BMJ Case Reports 2012; doi:10.1136/bcr.02.2012.5744
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Epstein–Barr virus acute cholecystitis

  1. César Saiz-Pérez4
  1. 1Internal Medicine Department, Hospital of Laredo, Laredo, Cantabria, Spain
  2. 2Digestive Diseases Department, Hospital of Laredo, Laredo, Cantabria, Spain
  3. 3General and Gastrointestinal Surgery Department, Hospital of Laredo, Laredo, Cantabria, Spain
  4. 4Emergency Department, Hospital of Laredo, Laredo, Cantabria, Spain
  1. Correspondence to Dr Miguel F Carrascosa, miguel.carrascosa{at}


A previously healthy 22-year-old woman presented to our emergency department after 5 days of malaise, headache, fever and abdominal pain. Physical examination revealed abdominal tenderness in the right upper quadrant on deep palpation. There was no rebound tenderness. Blood test results showed: white blood cells 9.3×109/l (61% lymphocytes, some of them atypical on a peripheral-blood smear), haemoglobin concentration 104 g/l, platelets 138×109/l and high serum concentration of alkaline phosphatase (239 U/l), aspartate aminotransferase (329 U/l), alanine aminotransferase (464 U/l) and bilirubin (total 42.76 µmol/l; direct 41.04 µmol/l). A contracted gallbladder with wall thickness of 14 mm and pericholecystic fluid were noted on abdominal ultrasonography (figure 1A, arrows). CT imaging revealed similar findings with enhancing gallbladder mucosa (figure 1B,C, arrows), marked hepatosplenomegaly, lymphadenopathy, scant intraperitoneal fluid and absence of cholelithiasis or biliary tree abnormalities. Bearing in mind the presence of the aforementioned clinical, laboratory and radiologic findings in a young woman, Epstein–Barr virus (EBV) acute infection was suspected. Serum serological studies were subsequently diagnostic for this viral disease (positive both heterophile antibody test and IgM against EBV capsid antigens; negative IgG against EBV capsid antigens). Moreover, there was no evidence of other coexisting infectious disorders. Management was conservative on a watchful waiting basis and she was discharged asymptomatic 6 days after admission. At a follow-up 2 years later, the patient remained well. Acute acalculous cholecystitis accounts for 2%–15% of all cases of acute cholecystitis.1 It is most commonly associated with trauma, recent surgery, shock, burns, sepsis, critical illness, total parenteral nutrition and prolonged fasting.1 However, acute acalculous cholecystitis may also complicate the clinical course of EBV infection, a fact often overlooked due to the infrequency of such association. Indeed, only 13 cases of acute cholecystitis have been reported during the course of primary EBV infection, all from 2007.2,,4 Of these cases, 12 were in female patients. Twelve patients had a favourable outcome under conservative management and only one patient needed cholecystectomy2 (a 21-year-old woman with ulcerative colitis and azathioprine therapy). To sum up, clinicians should keep in mind that acute acalculous cholecystitis may complicate the course of EBV infection in order to avoid unnecessary surgery and inappropriate antibiotic treatment.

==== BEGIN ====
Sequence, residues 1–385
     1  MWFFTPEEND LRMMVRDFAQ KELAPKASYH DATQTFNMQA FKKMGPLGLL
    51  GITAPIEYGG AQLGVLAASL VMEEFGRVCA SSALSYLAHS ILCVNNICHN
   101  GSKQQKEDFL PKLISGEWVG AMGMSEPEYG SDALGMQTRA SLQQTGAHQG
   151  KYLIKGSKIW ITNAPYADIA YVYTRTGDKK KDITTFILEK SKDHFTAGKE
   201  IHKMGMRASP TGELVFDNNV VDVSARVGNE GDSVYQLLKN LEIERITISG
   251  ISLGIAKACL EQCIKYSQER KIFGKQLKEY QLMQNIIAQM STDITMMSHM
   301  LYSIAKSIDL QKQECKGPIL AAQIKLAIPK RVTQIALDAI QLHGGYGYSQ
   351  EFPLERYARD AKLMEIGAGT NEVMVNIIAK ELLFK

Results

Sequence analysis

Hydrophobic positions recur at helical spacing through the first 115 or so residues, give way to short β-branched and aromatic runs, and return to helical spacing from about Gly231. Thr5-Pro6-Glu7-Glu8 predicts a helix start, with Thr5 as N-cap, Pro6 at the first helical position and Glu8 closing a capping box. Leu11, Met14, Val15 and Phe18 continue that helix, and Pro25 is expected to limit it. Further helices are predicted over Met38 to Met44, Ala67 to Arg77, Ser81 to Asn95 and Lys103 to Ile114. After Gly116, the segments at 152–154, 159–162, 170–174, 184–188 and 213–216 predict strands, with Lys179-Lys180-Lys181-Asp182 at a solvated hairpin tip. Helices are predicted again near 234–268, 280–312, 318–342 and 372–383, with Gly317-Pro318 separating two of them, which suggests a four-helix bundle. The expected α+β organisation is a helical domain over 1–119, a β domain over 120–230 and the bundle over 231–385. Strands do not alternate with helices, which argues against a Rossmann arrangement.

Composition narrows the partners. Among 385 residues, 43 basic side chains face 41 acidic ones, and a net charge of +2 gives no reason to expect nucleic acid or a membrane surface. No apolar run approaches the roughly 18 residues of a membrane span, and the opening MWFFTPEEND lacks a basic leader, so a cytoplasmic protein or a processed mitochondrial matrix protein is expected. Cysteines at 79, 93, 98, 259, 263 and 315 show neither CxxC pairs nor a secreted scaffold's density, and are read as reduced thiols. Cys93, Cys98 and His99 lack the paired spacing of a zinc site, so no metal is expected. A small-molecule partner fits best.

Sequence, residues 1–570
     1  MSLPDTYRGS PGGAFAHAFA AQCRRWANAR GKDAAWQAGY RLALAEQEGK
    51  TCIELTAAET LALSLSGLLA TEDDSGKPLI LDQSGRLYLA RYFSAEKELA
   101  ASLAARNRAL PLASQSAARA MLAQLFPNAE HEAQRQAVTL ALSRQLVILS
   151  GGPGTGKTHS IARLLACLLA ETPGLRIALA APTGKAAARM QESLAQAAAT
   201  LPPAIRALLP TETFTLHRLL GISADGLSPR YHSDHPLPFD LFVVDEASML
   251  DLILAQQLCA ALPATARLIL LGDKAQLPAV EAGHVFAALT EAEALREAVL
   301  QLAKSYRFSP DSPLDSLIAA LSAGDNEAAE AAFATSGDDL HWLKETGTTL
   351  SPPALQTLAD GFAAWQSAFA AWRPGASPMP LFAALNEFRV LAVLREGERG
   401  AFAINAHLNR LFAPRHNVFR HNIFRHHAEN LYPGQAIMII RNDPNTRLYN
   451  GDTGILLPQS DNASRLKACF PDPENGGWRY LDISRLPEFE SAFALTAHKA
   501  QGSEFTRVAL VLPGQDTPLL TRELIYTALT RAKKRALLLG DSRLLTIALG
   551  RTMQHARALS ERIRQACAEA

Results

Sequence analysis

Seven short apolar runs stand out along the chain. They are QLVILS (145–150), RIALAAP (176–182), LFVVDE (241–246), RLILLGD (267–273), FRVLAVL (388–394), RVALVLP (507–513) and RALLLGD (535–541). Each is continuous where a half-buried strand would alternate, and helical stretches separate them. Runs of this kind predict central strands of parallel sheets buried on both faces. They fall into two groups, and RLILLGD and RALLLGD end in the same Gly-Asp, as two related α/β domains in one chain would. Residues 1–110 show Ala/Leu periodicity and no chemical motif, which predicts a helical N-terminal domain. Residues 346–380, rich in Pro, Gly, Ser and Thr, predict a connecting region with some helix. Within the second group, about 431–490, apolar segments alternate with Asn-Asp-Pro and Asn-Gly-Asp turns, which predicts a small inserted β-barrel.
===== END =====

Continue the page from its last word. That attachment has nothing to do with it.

Figure 1

Abdominal imaging findings. Ultrasonography (A) and CT scan (B and C) of a 22-year-old woman showing a substantial thickening of the gallbladder wall (arrows).


  • Competing interests None.

  • Patient consent Obtained.


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